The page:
- If a state failed to pass a significant piece of election law legislation, we may have considered the legislation, despite the fact that it failed to move very far through the process.
- Finally, because each state is graded based on its own unique election law landscape, this means that similar legislation passed in multiple states will be evaluated differently and may be considered more positively or negatively within each of those states’ independent progress reports.
How Does This Work in Practice?
We began by reviewing each state’s existing election law landscape and placing them into one of three tiers: top, bottom, and middle states. These tiers were based on the voting landscape in 2022 and strongly based off of the Cost of Voting Index scores for that year. In some cases, states have changed tiers based on new rankings from the Cost of Voting Index. Top tier states already have a robust set of pro-voter policies. Bottom tier states have strong voting restrictions and anti-voter policies in place. Middle tier states have a mix of both. Within those tiers, each state was then evaluated individually based on legislative actions taken over the last two years. We also considered the state’s actions within the context of whether it moved up or down a tier from last year’s scorecard.
Within the top tier, when reviewing the legislation that was passed, it is considered against the backdrop of all the substantial positive laws the state has already implemented in this area. So a state like Oregon, received an “A” for continuing to innovate and pass new pro-voter policies, like extending automatic voter registration to the Oregon Health Authority. However, another top tier state with robust pro-voter policies, California, received a “C” because while it did pass pro-voter policies, it also failed to fix its flawed automatic voter registration system or join the Electronic Registration Information Center (ERIC).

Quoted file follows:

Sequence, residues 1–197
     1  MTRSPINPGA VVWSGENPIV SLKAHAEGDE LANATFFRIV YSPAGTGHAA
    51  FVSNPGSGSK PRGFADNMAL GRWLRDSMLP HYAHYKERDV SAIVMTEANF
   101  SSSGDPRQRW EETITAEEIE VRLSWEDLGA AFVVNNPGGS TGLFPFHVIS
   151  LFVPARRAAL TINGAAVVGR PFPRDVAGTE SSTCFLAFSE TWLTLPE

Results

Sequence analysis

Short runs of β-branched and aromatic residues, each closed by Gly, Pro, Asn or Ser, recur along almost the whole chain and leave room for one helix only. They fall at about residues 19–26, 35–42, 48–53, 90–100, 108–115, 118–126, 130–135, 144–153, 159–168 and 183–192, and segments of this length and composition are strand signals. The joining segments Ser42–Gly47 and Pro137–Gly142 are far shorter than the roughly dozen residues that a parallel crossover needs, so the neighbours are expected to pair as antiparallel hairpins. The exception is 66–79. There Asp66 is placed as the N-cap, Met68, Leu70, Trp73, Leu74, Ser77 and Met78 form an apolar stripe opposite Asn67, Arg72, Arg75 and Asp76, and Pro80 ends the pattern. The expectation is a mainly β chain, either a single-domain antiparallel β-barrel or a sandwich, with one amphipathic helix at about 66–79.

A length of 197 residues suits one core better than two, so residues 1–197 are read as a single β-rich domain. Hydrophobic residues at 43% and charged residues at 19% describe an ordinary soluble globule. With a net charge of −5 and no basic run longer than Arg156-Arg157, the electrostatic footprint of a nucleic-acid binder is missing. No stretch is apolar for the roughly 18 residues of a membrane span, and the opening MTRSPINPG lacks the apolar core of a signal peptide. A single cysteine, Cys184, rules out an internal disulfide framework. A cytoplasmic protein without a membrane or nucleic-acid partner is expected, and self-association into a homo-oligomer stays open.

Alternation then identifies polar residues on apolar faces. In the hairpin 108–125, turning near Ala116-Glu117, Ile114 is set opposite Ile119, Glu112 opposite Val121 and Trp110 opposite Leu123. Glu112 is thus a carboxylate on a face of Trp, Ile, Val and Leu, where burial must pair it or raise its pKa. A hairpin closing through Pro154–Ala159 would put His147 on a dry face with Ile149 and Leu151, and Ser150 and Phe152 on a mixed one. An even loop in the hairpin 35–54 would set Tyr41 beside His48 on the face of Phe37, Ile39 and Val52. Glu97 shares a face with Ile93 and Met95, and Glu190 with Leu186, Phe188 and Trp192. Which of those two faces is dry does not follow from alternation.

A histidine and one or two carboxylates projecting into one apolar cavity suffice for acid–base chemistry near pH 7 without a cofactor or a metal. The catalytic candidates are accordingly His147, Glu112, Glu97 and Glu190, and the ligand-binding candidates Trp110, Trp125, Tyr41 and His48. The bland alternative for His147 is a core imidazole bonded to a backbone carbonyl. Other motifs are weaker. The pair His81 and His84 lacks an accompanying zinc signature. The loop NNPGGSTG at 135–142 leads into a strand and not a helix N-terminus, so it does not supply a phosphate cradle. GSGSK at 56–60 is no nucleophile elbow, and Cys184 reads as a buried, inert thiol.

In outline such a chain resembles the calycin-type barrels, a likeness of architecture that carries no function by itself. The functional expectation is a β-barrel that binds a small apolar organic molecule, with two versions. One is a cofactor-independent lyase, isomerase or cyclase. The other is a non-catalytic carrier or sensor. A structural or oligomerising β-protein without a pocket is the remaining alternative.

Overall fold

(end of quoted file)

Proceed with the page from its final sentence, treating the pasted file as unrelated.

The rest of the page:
Conversely, in a bottom tier state, legislation was considered against the backdrop of the existing host of anti-voter polices the state has already implemented. So a state like South Carolina, received a “B” for holding the line on policy changes and providing additional funding to local election offices. And a state like South Dakota, received an “F” for banning drop boxes and instituting a strict 30-day residency requirement, among other things.
With middle tier states that already had a nuanced mix of pro and anti-voter policies in place, consideration was given to whether a state moved more towards pro-voter policies or in the anti-voter direction. For example, North Carolina received an “F” because its legislature curtailed voter access and stripped the power over election boards from the governor to give it to themselves. And Michigan, Minnesota, and New Mexico all received an “A+” , our highest grade possible, for instituting a host of pro-voter policies, including establishing a secure automatic voter registration system.
*Within the scorecards we use the acronyms “SAVR” and “PAVR” to refer to a state’s particular type of automatic voter registration. For more explanation on those terms, see: “Why We Use Terms Like ‘Partial AVR’ (PAVR) and ‘Secure AVR’ (SAVR) When Talking About Automatic Voter Registration Systems.”
*Responsive Government does not track election law changes related to campaigns, campaign finance, or redistricting.